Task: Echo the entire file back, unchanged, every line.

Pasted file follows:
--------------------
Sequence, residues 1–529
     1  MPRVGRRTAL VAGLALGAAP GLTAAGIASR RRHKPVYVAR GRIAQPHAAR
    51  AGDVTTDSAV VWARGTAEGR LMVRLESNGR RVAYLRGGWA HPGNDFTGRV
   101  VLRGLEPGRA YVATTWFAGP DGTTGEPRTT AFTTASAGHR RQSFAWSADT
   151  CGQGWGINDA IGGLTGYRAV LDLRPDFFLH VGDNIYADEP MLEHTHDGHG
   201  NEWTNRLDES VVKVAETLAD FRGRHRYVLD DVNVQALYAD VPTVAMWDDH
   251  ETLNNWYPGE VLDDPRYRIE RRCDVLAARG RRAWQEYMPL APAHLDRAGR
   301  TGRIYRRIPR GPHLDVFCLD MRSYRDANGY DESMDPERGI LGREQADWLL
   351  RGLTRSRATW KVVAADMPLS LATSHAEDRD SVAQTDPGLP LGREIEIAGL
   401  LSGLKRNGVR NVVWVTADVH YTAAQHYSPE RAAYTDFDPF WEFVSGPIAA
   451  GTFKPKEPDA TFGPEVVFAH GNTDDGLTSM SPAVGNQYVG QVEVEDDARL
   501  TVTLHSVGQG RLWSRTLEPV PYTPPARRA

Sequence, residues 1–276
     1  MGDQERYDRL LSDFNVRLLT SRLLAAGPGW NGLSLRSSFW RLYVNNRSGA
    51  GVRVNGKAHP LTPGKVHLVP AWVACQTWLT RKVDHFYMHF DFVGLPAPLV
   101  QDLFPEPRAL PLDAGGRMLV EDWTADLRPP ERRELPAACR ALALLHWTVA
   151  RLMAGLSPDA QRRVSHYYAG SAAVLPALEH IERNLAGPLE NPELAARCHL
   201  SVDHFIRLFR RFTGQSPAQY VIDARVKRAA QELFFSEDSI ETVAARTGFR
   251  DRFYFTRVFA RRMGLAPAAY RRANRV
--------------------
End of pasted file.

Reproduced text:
Sequence, residues 1–529
     1  MPRVGRRTAL VAGLALGAAP GLTAAGIASR RRHKPVYVAR GRIAQPHAAR
    51  AGDVTTDSAV VWARGTAEGR LMVRLESNGR RVAYLRGGWA HPGNDFTGRV
   101  VLRGLEPGRA YVATTWFAGP DGTTGEPRTT AFTTASAGHR RQSFAWSADT
   151  CGQGWGINDA IGGLTGYRAV LDLRPDFFLH VGDNIYADEP MLEHTHDGHG
   201  NEWTNRLDES VVKVAETLAD FRGRHRYVLD DVNVQALYAD VPTVAMWDDH
   251  ETLNNWYPGE VLDDPRYRIE RRCDVLAARG RRAWQEYMPL APAHLDRAGR
   301  TGRIYRRIPR GPHLDVFCLD MRSYRDANGY DESMDPERGI LGREQADWLL
   351  RGLTRSRATW KVVAADMPLS LATSHAEDRD SVAQTDPGLP LGREIEIAGL
   401  LSGLKRNGVR NVVWVTADVH YTAAQHYSPE RAAYTDFDPF WEFVSGPIAA
   451  GTFKPKEPDA TFGPEVVFAH GNTDDGLTSM SPAVGNQYVG QVEVEDDARL
   501  TVTLHSVGQG RLWSRTLEPV PYTPPARRA

Sequence, residues 1–276
     1  MGDQERYDRL LSDFNVRLLT SRLLAAGPGW NGLSLRSSFW RLYVNNRSGA
    51  GVRVNGKAHP LTPGKVHLVP AWVACQTWLT RKVDHFYMHF DFVGLPAPLV
   101  QDLFPEPRAL PLDAGGRMLV EDWTADLRPP ERRELPAACR ALALLHWTVA
   151  RLMAGLSPDA QRRVSHYYAG SAAVLPALEH IERNLAGPLE NPELAARCHL
   201  SVDHFIRLFR RFTGQSPAQY VIDARVKRAA QELFFSEDSI ETVAARTGFR
   251  DRFYFTRVFA RRMGLAPAAY RRANRV